How popular was jazz in 1957? By some standards, very. Norman Granz announced that Verve had grossed $7 million in sales for the first time, and probably the compilation issues of early 78s had something to do with that. So did his more than 100 releases including 14 live albums from the Newport Jazz Festival. He also credited his decision to start releasing singles and EPs on 45, which is interesting. Jazz records, even modern jazz records, were first released on 78 RPM, throughout the 1940 and even into the early 1950s, but when the long playing format came along, it seemed a natural for jazz. Improvisers could stretch out beyond the narrow confines of a 78 RPM disc. By the mid-1950s, jazz was almost exclusively packaged for album release. But the 45 RPM record was becoming the ubiquitous vehicle for popular music, rock and roll, rhythm and blues, and country, and jazz labels found themselves dipping a toe into that market. Prestige issued 45s from 1957 sessions (not all of them actually released in 1957) by Eddie "Lockjaw" Davis, Ray Bryant, Kenny Burrell, Mose Allison, Herbie Mann, Red Garland, John Coltrane, Barbara Lea, Paul Quinichette and Yusef Lateef.
By international standards, very. In Billboard's August jazz issue, Burt Korall, best known as a chronicler of jazz drumming, writes that the year has seen "more jazz books, more jazz clubs, more jazz concerts, more jazz records and more jazz on TV, radio and the movies."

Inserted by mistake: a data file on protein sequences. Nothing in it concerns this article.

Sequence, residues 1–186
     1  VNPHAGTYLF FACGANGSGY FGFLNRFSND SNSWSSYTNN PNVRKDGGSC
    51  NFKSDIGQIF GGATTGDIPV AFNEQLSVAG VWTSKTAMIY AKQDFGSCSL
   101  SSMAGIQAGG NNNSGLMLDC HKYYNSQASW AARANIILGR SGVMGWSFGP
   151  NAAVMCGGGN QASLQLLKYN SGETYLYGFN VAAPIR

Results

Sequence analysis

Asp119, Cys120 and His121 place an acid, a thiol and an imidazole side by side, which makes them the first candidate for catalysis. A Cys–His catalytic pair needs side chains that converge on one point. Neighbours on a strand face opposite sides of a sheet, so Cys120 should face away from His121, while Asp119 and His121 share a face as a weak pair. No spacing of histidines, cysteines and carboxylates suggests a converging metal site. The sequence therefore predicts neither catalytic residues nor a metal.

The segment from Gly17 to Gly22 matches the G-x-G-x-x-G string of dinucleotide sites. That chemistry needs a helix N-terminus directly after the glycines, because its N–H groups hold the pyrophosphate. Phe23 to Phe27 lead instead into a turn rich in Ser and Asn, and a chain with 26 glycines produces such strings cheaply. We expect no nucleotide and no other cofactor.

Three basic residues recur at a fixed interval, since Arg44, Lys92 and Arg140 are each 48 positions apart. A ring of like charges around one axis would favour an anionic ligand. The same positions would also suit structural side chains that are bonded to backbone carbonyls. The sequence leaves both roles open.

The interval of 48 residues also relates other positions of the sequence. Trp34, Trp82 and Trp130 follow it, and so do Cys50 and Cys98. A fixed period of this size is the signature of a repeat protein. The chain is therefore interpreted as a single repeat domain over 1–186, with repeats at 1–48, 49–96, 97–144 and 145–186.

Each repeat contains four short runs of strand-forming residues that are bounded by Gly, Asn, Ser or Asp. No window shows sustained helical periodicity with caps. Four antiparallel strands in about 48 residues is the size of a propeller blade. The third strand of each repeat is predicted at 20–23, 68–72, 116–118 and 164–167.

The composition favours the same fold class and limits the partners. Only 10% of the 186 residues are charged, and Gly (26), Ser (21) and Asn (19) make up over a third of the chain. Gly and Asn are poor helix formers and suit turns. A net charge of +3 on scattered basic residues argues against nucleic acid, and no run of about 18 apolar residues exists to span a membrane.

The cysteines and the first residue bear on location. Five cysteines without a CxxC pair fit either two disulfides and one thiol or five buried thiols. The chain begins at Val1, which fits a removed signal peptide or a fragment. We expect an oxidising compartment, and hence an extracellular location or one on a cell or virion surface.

But the biggest jazz advance, Korall argues, is in the international sphere. Pointing to Radio Free Europe, the Armed Forces Radio Network and particularly the Voice of America, he says that "jazz has succeeded where American diplomats have floundered. It has created a meeting ground, been something that made for a deeper understanding of the American way of life, for to be interested in jazz is to be interested in things American."
This was an era in which American politics and American culture were diverging, not without hostility. Conservative politicians vehemently attacked rock and roll, which was getting white teenagers to listen to black music, and breaking down racial barriers. Abstract expressionism came in for its share of public disapproval, starting with Harry Truman, who called it "ham and eggs" art. Writers, directors, actors and folksingers were regularly investigated by the House UnAmerican Activities Committee.